Firstly, the best source of nutrition is your own breastmilk as it provides all the necessary nutrients for your baby to grow well. Numerous studies have demonstrated a number of important health benefits to breastfeeding.
- Stronger Babies
Breast-fed children are stronger and have better resistance to disease and infection early in life than formula-fed children.
- Lower Health Risks
For Mothers who breastfeed are less likely to develop osteoporosis later in life, are able to lose weight gained during pregnancy more easily and have a lower risk of breast, uterine and ovarian cancer.
- Cost Effective
Breastfeeding also has advantages in terms of saving you money: it’s cheaper than buying formula and helps avoid medical bills later because it helps equip the baby to fight off disease and infection.
Choosing and Using Baby Formula
However, in certain instances, when it may not be possible to breastfeed, or in case you do not have adequate breastmilk, you may need to feed some infant formula. Here are 5 commonly asked questions mothers would ask about using baby formula.
1. How much formula does my baby need?
To know how much formula your baby needs, you should follow baby’s cues for hunger. Usually, a baby will cry when hungry every 2-3 hours. So, you should feed baby following this 2-3 hourly cycle. Sometimes, baby may seem hungry/ cry for milk even before the scheduled time. This is normal, and you should feed baby even if it is not following his or her usual schedule.
2. What type of formula should I choose?
You will notice that there are many types of formula in the market. To choose the best formula for your baby’s needs, understand the 3 main types of formula first:
- Cow’s milk formulas. Infant formula is made with cow’s milk that’s been processed to resemble breast milk. This gives the formula the right balance of nutrients – and makes the formula easier to digest. Most babies are able to grow on cow’s milk formula. Some babies, however – such as those allergic to the proteins in cow’s milk – need other types of infant formula.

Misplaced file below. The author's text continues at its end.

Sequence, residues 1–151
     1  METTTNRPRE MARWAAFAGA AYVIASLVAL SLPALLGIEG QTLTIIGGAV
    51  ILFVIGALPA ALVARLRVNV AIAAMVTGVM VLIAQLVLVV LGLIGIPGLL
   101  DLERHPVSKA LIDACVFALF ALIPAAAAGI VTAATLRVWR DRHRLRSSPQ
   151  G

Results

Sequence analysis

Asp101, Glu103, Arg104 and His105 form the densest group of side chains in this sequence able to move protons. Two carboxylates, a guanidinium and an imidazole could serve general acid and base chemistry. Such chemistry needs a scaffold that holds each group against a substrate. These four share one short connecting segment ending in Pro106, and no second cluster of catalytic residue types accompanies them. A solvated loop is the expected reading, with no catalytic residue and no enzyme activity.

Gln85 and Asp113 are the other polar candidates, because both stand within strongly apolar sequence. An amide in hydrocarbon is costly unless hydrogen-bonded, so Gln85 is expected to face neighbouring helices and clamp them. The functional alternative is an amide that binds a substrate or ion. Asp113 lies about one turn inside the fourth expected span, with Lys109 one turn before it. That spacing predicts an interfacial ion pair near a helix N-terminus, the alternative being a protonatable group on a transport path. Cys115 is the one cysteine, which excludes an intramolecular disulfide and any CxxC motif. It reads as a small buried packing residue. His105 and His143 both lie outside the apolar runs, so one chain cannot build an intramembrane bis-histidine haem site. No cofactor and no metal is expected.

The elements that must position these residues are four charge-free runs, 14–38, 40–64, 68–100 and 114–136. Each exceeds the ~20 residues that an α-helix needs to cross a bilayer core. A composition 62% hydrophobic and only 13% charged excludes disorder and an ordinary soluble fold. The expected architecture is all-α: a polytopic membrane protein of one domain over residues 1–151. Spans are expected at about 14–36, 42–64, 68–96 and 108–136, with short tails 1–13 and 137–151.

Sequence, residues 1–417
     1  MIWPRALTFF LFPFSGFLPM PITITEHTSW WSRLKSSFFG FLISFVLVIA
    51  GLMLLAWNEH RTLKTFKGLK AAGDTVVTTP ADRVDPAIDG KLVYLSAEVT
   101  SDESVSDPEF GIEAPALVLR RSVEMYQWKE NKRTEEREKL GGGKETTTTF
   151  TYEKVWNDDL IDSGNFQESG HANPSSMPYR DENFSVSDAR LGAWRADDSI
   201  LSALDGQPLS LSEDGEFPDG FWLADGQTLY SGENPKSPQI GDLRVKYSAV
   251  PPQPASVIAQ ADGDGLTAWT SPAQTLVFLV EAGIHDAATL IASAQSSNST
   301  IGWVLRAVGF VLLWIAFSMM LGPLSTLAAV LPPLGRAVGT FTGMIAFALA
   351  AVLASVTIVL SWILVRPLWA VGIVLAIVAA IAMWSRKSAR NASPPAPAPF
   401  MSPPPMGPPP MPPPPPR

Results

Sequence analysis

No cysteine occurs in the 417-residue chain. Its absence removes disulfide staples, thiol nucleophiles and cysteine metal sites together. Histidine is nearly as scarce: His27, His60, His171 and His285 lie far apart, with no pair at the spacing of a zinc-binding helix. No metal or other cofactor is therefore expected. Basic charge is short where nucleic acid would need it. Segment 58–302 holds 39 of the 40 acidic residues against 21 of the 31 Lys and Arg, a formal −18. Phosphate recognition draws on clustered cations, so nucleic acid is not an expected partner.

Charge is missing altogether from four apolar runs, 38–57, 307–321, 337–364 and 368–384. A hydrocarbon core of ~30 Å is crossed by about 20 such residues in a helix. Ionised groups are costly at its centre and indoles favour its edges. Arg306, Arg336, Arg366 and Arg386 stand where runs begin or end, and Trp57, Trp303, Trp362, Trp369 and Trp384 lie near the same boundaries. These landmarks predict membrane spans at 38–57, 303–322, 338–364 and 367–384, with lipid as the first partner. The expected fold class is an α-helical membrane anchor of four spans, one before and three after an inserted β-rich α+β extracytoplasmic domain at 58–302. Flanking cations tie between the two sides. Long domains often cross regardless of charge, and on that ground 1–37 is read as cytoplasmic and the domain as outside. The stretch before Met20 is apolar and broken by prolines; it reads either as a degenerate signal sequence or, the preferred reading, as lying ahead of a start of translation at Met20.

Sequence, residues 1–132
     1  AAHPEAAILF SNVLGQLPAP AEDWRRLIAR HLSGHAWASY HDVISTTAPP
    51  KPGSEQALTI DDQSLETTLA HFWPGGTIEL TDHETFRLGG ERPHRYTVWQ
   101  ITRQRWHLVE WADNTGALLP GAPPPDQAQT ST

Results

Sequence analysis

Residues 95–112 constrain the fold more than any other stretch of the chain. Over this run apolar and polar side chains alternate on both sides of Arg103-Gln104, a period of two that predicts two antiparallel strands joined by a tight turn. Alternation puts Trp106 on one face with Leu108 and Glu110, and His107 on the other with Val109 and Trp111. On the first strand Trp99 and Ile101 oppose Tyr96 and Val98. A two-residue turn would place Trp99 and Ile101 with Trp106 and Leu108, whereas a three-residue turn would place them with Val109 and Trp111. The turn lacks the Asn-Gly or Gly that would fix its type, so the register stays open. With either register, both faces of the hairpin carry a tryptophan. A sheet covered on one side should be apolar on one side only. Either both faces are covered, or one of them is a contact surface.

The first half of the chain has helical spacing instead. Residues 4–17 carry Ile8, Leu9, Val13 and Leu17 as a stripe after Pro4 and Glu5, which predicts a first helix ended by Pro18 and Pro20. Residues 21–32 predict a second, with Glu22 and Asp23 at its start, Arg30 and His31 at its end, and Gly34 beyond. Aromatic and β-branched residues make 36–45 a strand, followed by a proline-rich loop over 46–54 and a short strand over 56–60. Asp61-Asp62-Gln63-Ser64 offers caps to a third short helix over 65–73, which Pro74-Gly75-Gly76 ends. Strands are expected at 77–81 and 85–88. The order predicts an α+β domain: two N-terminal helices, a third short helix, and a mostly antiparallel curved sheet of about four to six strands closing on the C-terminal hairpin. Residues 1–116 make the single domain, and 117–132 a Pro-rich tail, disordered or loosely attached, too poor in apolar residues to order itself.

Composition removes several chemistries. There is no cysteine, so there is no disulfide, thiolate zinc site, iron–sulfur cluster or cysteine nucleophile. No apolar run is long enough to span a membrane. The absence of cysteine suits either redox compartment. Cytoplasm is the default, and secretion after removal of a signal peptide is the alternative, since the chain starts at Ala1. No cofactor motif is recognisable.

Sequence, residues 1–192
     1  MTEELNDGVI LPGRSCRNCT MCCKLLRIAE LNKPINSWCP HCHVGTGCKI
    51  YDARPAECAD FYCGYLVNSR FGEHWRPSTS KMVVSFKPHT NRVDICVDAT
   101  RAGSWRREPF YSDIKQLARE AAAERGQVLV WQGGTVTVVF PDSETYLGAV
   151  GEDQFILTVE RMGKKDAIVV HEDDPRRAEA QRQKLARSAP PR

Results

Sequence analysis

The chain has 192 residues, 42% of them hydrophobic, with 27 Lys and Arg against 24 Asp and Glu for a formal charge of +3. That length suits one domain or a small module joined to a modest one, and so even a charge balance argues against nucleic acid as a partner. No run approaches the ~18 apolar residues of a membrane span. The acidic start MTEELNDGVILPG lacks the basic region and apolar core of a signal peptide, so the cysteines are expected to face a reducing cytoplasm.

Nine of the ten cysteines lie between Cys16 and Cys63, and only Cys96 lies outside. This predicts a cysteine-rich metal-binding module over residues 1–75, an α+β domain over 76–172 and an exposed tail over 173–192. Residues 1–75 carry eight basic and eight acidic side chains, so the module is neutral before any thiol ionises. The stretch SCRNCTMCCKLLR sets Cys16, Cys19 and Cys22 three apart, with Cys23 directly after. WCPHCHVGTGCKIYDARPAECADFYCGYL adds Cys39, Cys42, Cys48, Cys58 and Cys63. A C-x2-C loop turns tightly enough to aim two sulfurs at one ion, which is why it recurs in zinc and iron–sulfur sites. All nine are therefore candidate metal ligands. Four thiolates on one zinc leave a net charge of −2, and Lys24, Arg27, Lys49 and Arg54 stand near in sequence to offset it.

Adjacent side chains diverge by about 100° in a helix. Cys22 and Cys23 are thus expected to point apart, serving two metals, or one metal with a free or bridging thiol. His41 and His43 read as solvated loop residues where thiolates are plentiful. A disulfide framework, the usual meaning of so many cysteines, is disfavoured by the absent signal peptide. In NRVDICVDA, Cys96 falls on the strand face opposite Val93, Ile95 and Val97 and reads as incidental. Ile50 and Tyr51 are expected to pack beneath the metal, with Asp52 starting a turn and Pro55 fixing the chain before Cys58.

- Soy-based formulas. Soy-based formulas can be useful if your baby is intolerant to cow’s milk formula or to lactose, a carbohydrate naturally found in cow’s milk. However, most often than not, babies who are allergic to cow’s milk might also be allergic to soy milk.
- Protein hydrolysate formulas. These types of formulas contain protein that’s been broken down (hydrolyzed) – partially or extensively – into smaller sizes compared to standard formulas. These formulas are used in babies who don’t tolerate cow’s milk or soy-based formulas. Extensively hydrolyzed formulas are required for babies who have an allergy to cow’s milk.
Choose the best formula that you think will suit your baby, as you know your baby best of all. If your baby has been diagnosed with cow’s milk allergy, your paediatric allergist or your dietitian will also advise you on the most suitable types of formula for your baby.
3. What kind of water should I use?
Plain boiled water is safe for mixing with infant formula for baby. Sterilize infant bottles by using a bottle steamer sterilizer or immersing bottles in boiling water in a large pot.
4. What are the signs of a formula allergy?
All food allergies are caused by an immune system malfunction. Your immune system identifies certain milk proteins as harmful, triggering the production of immunoglobulin E (IgE) antibodies. The next time you come in contact with these proteins, these IgE antibodies recognize them and signal your immune system to release histamine. Histamine and other body chemicals cause allergic responses, e.g. runny nose, itchy eyes, dry throat, rashes, hives, nausea, diarrhea, difficulty breathing and anaphylactic shock.
By Ms Suzanne Khor
Senior Dietician at Thomson Paediatric Centre
The Child Development Centre Novena Medical Centre
The Child Development Centre
10 Sinaran Drive
#09-04 Novena Medical Centre
Tel: 6397 6627/ 6397 6966 (hotline)
This article was first published in The New Age Parents e-magazine